cos nt, sin nt and defines the numerical sequence cn by the
relation 01f(t) n(t) dt = cn; if we now 0 define the sequence
n(t) by n(t)= n(t) cn we shall of course have 01 f(t) n(t) dt =
0 for all n. It we orthogonalize and normalize the sequence
n(t), we shall obtain the required sequence n(t). The
cleverness of the proof lies in the fact that the auxiliary
sequence n(t) is deprived of the property which we demand from
the sequence sought. Banach's works on the convergences of
functionals are also known; they were originated by one of his
colleagues, generalized by Banach and given their final shape by
S. Saks (1927, Fund. Math. 9, p. 50-61). Banach took an interest
in the problem of complanation, i. e., the definition of the
concept of the area of curved surfaces. His definition, gave rise
to some investigations after the war (e. g., such as those being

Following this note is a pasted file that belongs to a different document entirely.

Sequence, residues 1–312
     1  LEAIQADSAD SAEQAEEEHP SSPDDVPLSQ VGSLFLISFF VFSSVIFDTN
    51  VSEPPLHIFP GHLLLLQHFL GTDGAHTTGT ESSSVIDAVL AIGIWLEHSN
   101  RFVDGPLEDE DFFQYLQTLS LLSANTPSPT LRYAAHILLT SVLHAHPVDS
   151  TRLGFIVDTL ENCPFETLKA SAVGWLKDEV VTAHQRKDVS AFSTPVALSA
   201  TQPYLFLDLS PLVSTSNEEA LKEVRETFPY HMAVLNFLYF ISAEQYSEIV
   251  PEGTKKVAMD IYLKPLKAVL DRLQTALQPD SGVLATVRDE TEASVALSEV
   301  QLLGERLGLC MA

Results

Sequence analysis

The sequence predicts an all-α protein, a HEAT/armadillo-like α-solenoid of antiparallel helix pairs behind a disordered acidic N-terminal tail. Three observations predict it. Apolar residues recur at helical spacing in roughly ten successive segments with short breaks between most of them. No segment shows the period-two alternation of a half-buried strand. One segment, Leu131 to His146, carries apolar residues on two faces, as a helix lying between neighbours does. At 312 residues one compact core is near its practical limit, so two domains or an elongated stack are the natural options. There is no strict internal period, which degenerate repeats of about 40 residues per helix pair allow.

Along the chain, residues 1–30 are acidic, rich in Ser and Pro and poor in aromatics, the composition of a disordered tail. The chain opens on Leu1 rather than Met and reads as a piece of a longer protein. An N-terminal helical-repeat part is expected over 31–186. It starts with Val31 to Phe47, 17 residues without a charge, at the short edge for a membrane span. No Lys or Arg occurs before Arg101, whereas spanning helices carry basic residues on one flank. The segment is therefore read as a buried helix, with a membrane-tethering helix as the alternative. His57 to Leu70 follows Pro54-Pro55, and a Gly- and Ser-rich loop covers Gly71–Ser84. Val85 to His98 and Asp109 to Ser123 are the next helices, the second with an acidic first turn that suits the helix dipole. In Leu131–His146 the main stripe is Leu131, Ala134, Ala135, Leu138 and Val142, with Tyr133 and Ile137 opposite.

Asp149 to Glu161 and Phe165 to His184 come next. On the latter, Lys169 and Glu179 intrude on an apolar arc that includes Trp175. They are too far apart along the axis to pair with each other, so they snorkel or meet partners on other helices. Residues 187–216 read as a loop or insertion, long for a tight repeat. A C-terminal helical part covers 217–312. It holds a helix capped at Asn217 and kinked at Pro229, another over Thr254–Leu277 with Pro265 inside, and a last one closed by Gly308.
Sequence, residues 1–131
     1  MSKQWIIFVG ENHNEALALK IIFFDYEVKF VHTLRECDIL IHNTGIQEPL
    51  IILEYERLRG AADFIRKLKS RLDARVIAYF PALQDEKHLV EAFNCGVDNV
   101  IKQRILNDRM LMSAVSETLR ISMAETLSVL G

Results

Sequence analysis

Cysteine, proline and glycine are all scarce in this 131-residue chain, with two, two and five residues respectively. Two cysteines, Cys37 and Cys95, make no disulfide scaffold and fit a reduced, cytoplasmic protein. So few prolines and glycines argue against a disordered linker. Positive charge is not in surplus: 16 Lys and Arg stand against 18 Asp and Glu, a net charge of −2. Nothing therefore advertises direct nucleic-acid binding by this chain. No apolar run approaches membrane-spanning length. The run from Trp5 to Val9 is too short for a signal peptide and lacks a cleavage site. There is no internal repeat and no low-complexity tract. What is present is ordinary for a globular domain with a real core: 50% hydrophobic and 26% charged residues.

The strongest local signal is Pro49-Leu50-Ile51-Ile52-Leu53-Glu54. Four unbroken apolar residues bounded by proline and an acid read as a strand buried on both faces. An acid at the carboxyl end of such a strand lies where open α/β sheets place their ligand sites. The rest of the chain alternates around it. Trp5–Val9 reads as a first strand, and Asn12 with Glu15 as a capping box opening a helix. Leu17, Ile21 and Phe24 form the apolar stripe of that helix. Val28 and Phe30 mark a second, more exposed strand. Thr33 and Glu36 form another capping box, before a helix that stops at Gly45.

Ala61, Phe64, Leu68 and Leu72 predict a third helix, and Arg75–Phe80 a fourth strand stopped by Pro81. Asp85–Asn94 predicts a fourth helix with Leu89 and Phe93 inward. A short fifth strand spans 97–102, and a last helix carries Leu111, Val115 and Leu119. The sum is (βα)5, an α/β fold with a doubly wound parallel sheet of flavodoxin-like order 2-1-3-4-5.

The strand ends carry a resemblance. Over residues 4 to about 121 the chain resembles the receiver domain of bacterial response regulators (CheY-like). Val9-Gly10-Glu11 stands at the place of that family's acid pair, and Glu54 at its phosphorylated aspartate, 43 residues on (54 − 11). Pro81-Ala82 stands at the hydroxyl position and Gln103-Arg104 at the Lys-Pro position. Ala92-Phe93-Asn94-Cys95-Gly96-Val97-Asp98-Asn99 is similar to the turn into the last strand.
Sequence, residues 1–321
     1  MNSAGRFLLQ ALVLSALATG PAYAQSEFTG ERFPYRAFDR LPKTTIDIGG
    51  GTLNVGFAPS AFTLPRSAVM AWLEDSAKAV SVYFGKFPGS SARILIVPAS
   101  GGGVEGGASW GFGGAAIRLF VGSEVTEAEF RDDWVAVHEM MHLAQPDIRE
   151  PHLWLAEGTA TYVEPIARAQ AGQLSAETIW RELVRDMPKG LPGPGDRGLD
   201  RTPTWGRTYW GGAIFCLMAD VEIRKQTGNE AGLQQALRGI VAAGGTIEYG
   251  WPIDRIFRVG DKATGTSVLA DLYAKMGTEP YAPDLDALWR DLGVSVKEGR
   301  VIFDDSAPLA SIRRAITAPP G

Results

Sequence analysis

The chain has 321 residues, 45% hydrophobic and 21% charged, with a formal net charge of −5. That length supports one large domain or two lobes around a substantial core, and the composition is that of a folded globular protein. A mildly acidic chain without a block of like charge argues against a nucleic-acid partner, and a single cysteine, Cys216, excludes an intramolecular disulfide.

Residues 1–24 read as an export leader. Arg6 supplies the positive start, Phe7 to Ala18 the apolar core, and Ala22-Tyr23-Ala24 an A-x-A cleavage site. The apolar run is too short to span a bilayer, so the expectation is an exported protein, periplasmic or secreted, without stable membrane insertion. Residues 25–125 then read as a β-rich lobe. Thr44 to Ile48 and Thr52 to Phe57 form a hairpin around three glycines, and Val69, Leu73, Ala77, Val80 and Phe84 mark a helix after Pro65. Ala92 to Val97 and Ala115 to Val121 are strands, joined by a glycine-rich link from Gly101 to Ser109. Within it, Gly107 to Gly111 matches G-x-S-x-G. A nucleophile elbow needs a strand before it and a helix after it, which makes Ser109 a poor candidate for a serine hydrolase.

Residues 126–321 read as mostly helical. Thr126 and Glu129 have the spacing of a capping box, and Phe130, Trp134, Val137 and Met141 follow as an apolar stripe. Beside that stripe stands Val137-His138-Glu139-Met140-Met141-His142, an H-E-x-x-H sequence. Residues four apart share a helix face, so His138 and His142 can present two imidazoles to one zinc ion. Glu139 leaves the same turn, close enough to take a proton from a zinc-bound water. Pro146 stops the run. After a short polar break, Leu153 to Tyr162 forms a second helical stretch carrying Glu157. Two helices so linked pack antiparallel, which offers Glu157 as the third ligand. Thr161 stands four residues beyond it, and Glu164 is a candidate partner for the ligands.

conducted now by Prof. Kovanko in Lwów) - unfortunately no one
knows how to reproduce the essential lemma indispensable to show
the conformity of the Banach definition with the classical ones.
We regret to say that many valuable results of Banach and his
school's work were lost to the great detriment of Polish science
as a result of carelessness on the part of the school's members
and, first of all, on the part of Banach himself. Another of his
beautiful ideas is the replacing of the classical definition of
the oscillation of the function y = f(x) by one more fitting to
the epoch of Lebesgue, namely by the integral 0 L( )d , where L(
) denotes the number of intersections of the curve y = f (x) with
the straight line y = ; the readers may find it interesting to
know that this approach has a practical significance, e. g. it